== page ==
Your experience with Inspiration?


4th Edition

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Inspiration seemed like a neat mechanic when I read about it. In practice, however, I hardly ever see it used.

In my meatspace group (where I'm a player), I pretty consistently forget about the possibility of gaining Inspiration. (On top of that, I find that quite often the personality my character ends up with in actual play tends to differ quite a bit from the traits/ideals/bonds/flaws I wrote down when we started.)

In the Order of the Griffon PbP that I'm GMing, I decided it would be too much work to hand out Inspiration to players based on their traits, etc.; so instead I decided to incentivize regular posting by having each day in which a player posts at least once tick them up toward gaining Inspiration. (I thought this also might have a side benefit of preventing paranoid clenching, as players could see their next Inspiration coming and feel free to use what they already have.) However, it ended up being no less work for me, so I switched us to "nominate each other in Discussion". There's been, I think, one nomination to date. If I'm not mistaken, nearly everyone's had their current Inspiration for like five levels (reaching back to before we switched methods). It's just not getting used.

In the other PbP I'm running, I started us out on the "nominate each other in Discussion" method from the get-go. Not a single Inspiration yet.

In another PbP (where I'm a player), there was one day early on where the GM went through and named all the PCs who had earned Inspiration recently. Hasn't happened since.

The list goes on. I liked the mechanic when I read it, but for some reason it just doesn't happen. What have been other people's experience with it? Does it get used much? Any influential factors in your experience you'd care to share?


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I try to give out inspiration as much as possible. Not only do I give it out as a GM for any of the following reasons:

- Player has a good idea (regardless of character)
- Player does a good job roleplaying (in my opinion relative to player's skill)
- Player has PC does something I think is cool
- Player follows the guidelines of the Background

I also allow any player to give inspiration to another player as they see fit (all players, including myself, must agree).

We usually give out and use several points of inspiration per session.

For the PBP game I'm in, inspiration has a very specific mechanic. Whenever we spend an evening's downtime in a specific tavern, there is a percent chance we get inspiration the next morning. The percent chance to get inspiration increases the more we invest in the tavern. (There is also an investment mechanic the GM set up for improving local shops). In addition to this, we're required to state whether we have inspiration or not in our Character's status bar, so you can see it every post.

For both games, any player can use inspiration for themselves or for someone else.


Inspiration is a nice mechanic, but somehow we keep forgetting using it (DM forget to give some, and players forget that they had).

I recently found out that I had 1 point on inspiration written down on my character sheet, and neither the DM and I remembered when I got it...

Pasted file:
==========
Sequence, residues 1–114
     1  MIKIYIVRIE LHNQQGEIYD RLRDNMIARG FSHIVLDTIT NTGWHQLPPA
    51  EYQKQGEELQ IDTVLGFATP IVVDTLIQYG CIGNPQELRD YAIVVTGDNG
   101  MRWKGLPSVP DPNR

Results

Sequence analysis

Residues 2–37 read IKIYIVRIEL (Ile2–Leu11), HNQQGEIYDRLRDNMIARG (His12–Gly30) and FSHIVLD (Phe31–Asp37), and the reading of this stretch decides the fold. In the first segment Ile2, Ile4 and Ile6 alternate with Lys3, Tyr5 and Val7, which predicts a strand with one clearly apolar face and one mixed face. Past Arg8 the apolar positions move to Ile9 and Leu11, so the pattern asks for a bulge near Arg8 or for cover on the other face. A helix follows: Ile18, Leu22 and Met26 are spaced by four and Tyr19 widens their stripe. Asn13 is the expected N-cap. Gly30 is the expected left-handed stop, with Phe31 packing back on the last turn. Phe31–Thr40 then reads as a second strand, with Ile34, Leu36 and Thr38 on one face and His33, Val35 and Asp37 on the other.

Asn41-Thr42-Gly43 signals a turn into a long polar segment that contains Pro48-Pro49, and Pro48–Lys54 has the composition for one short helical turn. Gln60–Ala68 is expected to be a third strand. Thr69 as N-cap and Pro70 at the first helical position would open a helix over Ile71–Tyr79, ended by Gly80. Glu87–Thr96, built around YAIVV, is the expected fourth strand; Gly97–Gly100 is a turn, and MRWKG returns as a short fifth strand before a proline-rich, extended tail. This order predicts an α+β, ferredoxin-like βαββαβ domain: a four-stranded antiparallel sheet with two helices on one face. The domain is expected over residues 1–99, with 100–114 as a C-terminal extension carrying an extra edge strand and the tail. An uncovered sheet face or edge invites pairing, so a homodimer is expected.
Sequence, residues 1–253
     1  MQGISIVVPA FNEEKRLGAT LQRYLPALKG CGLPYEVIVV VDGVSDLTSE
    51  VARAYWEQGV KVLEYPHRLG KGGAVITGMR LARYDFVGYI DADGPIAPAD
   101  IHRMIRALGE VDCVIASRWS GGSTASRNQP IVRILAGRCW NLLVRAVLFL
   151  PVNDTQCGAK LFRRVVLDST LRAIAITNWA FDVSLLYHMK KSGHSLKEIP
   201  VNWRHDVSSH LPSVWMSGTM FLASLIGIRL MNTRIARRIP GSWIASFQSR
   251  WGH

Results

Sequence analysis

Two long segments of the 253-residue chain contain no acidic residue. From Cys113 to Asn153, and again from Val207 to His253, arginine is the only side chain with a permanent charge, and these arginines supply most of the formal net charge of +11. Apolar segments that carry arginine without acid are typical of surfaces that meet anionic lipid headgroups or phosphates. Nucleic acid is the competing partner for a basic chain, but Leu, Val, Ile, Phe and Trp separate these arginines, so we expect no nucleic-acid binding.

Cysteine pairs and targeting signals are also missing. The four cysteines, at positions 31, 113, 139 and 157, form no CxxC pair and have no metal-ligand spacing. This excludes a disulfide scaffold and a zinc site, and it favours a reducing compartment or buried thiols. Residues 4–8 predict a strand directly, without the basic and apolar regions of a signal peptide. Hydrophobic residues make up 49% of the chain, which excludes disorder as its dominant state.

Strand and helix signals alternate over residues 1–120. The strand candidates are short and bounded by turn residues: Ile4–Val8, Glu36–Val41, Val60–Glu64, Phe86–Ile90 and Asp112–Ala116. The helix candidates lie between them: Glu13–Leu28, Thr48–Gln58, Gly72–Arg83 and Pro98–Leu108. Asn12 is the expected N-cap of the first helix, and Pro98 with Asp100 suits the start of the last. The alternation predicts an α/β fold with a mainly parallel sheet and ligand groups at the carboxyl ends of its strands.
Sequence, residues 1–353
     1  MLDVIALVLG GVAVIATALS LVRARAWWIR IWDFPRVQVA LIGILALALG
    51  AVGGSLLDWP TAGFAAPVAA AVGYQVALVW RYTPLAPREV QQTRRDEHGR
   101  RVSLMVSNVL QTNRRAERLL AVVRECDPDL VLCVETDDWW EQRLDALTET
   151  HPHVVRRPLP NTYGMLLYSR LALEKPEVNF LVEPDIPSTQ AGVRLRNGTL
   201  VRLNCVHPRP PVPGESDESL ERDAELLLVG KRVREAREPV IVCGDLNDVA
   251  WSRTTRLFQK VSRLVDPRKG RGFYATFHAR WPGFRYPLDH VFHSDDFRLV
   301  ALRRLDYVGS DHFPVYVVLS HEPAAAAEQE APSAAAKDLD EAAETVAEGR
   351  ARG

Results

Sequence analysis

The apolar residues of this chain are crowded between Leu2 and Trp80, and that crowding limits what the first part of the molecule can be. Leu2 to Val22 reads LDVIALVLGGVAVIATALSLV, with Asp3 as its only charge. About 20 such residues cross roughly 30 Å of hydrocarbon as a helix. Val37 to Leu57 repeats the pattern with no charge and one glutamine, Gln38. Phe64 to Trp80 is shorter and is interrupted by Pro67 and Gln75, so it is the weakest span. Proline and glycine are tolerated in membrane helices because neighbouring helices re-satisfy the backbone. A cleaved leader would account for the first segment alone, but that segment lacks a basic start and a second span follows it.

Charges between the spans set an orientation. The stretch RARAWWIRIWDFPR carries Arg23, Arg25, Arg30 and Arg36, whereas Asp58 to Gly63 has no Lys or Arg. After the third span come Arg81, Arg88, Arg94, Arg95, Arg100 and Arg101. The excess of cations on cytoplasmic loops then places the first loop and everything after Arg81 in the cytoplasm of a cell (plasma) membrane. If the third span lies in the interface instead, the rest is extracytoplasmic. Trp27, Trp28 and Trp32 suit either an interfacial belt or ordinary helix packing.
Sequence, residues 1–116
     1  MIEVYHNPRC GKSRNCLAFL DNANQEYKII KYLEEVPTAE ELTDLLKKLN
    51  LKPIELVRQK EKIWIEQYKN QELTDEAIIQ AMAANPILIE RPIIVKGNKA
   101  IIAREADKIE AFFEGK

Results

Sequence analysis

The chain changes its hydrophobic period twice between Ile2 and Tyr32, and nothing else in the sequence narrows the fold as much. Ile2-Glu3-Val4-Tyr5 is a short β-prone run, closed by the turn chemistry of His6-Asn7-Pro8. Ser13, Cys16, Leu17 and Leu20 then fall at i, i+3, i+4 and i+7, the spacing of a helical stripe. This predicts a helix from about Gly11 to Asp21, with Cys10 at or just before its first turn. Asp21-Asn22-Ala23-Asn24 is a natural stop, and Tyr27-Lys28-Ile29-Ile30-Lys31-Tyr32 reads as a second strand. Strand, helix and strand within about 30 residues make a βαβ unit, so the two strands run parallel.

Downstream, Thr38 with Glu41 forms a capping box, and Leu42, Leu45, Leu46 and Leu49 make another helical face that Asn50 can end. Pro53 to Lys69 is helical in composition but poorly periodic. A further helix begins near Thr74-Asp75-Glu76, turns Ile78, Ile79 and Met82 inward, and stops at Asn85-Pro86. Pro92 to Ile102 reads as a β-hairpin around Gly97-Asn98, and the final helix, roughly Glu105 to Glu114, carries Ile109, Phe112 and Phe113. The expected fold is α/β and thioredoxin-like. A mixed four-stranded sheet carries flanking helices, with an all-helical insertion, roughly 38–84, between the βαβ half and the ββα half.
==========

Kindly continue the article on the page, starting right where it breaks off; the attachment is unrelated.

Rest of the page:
In the 5th Ed game I am playing in now I don't think Inspiration has come up once. But we also have a gm who is more comfortable with older (1st and 2nd) editions and is still learning the game himself.

The first foray into the system under a different gm used it a little, but he seemed to have issues with allowing the party to rest - ever.


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It gets forgotten at our table too. I'm a fan of "players give inspiration" - I've introduced a rule that you can't give it if you've got it to try and incentivise spending it. I also plan to bring hard-to-miss physical tokens to remind players they have it (we're playing RotRL next and I'm bringing along a huge karzoug statue for each player).

FWIW, I think it's difficult to utilise in PBP when you don't know the group well. Spidre makes me laugh often and I'd like to award inspiration for that, but is that how everyone else wants to use it?

Also, the mechanic being unfamiliar, I find it feels a bit like cheating to just give myself advantage now as a consequence of something that happened weeks ago. (Which is silly, but I still notice it).


I absolutely detest the name they gave it, but like the idea. Makes it very confusing with bardic inspiration I've found in my gaming so far.

I basically broke it down into two things for my games. Those being inspiration (functions identical to bardic version, get a dice to add to rolls) and heroic souls (basically hero points converted to 5e). I hand out the inspiration for all the little stuff simply like good ideas, good roleplay, etc. The others are a bit harder to get and generally kept for achieving plot goals, character goals, being really heroic, etc.

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We use it all the time, especially in tough fights or when it's a mass Save or Suck effect. We share it pretty generously, too. My cleric in particular shares it because I almost always get sAdvantage when I spend Inspiration.

We usually begin each session with 1 point of Inspiration, but we almost never (not never never) earn it back. The GM hands out Inspiration tokens.

When I GM, the players hand out Inspiration. So far it hasn't been abused.


I think the problem is that players can be afraid of spending an inspiration point and treat it as a resource that they won't spend unless it's against a BBEG or some vital point.

Part of it is that they may not realize how liberal a DM will be in giving out inspiration. When in doubt...save.

I think a houserule that can make it so you see inspiration spent more is to give them the ability to save inspiration and have them have 3 inspiration points right off the bat. That way, they can feel free to spend 1 or 2 points and still have something left over for the REALLY bad instances.

In addition, make it so that it's easy to gain inspiration. If you are liberal in granting inspiration, they will feel more at ease at spending inspiration.